Sjoerd Hak1, Marte Thuen1, Peter A. Jarzyna2, Willem J. M. Mulder2, Tore Syversen3, Catharina De Lange Davies4, Olav Haraldseth1
1Department of Circulation & Medical Imaging, NTNU, Trondheim, Norway, Norway; 2Translational & molecular imaging institute, Mount Sinai School of Medicine, New York, United States; 3Department of Neuroscience, NTNU, Trondheim, Norway, Norway; 4Department of Physics, NTNU, Trondheim, Norway, Norway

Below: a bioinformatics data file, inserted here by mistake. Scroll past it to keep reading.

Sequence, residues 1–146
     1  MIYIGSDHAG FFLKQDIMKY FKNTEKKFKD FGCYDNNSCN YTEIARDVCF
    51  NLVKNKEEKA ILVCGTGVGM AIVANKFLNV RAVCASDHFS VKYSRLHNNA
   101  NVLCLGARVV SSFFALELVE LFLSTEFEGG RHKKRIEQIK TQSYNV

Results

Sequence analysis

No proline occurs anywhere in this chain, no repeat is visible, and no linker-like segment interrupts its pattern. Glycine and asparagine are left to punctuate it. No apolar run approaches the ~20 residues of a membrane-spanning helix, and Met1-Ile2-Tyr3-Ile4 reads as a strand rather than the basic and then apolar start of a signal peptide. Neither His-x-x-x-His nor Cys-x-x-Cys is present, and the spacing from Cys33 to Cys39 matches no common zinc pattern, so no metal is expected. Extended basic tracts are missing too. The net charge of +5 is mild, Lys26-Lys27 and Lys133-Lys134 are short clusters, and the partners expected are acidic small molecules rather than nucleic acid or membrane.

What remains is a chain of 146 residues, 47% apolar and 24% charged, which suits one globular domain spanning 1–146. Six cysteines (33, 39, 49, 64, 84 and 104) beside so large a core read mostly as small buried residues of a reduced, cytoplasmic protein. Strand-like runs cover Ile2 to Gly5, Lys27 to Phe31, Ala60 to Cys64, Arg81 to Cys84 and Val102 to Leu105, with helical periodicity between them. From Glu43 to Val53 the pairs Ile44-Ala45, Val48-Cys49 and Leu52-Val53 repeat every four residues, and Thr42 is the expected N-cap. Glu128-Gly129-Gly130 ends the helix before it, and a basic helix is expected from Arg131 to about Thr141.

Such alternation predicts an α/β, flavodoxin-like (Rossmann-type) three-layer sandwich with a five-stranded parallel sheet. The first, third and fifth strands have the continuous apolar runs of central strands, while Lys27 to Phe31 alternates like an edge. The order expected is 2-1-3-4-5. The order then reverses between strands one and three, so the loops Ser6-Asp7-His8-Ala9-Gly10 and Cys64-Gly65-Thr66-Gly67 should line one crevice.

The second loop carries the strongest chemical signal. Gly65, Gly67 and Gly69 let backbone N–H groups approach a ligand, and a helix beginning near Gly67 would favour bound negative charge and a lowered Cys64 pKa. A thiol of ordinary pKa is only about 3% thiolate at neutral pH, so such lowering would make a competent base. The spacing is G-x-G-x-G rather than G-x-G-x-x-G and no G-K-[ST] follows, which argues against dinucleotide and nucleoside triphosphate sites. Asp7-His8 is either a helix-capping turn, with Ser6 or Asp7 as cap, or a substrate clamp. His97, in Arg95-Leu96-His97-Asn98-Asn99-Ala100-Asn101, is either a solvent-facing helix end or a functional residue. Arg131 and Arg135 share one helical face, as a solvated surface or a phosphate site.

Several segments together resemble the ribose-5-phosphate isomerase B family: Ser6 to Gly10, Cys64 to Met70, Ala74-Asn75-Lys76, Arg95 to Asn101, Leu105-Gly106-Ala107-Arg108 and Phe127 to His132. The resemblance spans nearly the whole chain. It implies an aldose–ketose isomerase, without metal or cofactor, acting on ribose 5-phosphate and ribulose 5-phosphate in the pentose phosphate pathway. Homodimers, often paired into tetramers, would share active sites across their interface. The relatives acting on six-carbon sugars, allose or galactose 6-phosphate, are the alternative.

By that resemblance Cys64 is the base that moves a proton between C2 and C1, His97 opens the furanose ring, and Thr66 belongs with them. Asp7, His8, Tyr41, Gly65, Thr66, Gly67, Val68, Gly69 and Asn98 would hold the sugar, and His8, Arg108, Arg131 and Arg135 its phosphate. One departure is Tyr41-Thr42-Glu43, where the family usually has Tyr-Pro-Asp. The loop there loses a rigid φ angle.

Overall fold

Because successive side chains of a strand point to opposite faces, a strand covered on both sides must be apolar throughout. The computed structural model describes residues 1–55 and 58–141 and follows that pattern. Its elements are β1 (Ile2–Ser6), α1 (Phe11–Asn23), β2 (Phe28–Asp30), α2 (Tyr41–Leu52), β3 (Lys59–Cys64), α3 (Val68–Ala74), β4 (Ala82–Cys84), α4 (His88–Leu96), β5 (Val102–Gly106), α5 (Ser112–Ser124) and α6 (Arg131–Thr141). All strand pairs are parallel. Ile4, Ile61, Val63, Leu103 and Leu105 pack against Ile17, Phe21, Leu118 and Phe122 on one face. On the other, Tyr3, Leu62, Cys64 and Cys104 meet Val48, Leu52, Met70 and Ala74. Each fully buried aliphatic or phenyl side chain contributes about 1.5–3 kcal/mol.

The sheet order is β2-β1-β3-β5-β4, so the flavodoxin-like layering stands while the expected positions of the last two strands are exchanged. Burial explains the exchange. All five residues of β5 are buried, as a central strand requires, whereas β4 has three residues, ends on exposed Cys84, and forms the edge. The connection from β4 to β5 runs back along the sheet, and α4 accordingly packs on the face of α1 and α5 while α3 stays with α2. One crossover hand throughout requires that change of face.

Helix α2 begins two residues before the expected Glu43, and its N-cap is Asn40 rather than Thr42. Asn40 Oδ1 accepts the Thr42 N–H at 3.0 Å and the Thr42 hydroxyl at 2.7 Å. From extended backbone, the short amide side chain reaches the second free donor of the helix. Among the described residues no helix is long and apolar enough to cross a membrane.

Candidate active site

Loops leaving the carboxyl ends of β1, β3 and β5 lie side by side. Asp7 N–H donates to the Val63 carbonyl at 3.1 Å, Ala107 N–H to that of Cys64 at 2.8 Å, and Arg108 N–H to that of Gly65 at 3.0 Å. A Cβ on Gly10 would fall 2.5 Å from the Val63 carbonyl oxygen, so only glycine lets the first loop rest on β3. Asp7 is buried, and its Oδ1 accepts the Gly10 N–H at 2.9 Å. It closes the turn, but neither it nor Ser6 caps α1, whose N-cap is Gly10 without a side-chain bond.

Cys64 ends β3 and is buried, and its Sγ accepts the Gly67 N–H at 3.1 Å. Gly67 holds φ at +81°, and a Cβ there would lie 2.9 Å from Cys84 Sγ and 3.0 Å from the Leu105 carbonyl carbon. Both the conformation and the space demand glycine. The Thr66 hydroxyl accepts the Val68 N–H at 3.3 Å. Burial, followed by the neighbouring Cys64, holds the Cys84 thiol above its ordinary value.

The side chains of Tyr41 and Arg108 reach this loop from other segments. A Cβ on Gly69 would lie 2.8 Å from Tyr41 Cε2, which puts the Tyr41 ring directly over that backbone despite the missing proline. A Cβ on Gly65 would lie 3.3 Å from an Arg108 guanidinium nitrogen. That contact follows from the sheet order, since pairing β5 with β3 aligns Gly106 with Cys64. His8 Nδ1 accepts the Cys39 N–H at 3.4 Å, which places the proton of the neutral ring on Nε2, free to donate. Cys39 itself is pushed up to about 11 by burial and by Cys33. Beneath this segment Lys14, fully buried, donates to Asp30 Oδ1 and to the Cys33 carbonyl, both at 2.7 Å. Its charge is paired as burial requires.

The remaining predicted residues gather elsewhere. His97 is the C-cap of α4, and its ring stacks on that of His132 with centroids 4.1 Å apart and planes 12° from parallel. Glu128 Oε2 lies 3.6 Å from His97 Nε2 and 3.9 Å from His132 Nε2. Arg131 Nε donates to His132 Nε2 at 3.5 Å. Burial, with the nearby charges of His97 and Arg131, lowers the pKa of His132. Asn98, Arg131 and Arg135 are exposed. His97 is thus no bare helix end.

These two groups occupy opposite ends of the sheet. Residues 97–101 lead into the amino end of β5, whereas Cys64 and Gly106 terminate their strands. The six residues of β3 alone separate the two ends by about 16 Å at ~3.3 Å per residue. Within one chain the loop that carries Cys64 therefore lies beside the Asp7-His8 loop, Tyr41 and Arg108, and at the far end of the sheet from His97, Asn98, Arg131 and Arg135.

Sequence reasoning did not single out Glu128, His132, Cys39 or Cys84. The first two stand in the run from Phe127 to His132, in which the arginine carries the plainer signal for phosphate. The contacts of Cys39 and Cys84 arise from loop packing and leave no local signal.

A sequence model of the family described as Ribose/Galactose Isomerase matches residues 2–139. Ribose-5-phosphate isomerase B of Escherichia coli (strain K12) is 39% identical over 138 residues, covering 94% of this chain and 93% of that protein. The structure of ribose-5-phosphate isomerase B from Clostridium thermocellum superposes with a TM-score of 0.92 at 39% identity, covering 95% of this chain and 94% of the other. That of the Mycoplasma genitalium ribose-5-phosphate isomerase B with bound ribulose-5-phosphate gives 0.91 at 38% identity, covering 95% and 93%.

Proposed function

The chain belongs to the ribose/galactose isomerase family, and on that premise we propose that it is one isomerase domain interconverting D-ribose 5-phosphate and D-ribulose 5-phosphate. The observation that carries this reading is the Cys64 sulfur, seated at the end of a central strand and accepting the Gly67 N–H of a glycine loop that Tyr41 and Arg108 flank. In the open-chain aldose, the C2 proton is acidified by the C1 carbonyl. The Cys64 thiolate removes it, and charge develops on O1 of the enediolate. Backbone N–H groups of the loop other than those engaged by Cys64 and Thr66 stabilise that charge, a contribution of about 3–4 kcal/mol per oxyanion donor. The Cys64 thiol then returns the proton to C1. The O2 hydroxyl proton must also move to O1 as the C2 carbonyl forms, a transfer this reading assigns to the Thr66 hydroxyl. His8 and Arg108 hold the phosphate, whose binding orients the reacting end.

The application of nanoparticle molecular imaging probes is still primarily preclinical. The signal attenuation after i.v. injection of such agents is very variable throughout groups of subjects with the same pathological condition. This study aims to understand the underlying mechanisms for this variable enhancement patterns post-injection of an alpha-v-beta-3-integrin targeted nanoemulsion in tumors grown in an MRI compatible dorsal window chamber in mice. This experimental set-up represents a powerful tool as it allows studying dynamics and sub-cellular distribution of the targeted agents with in vivo confocal microscopy and correlating their effects with the clinically relevant MRI signal attenuation.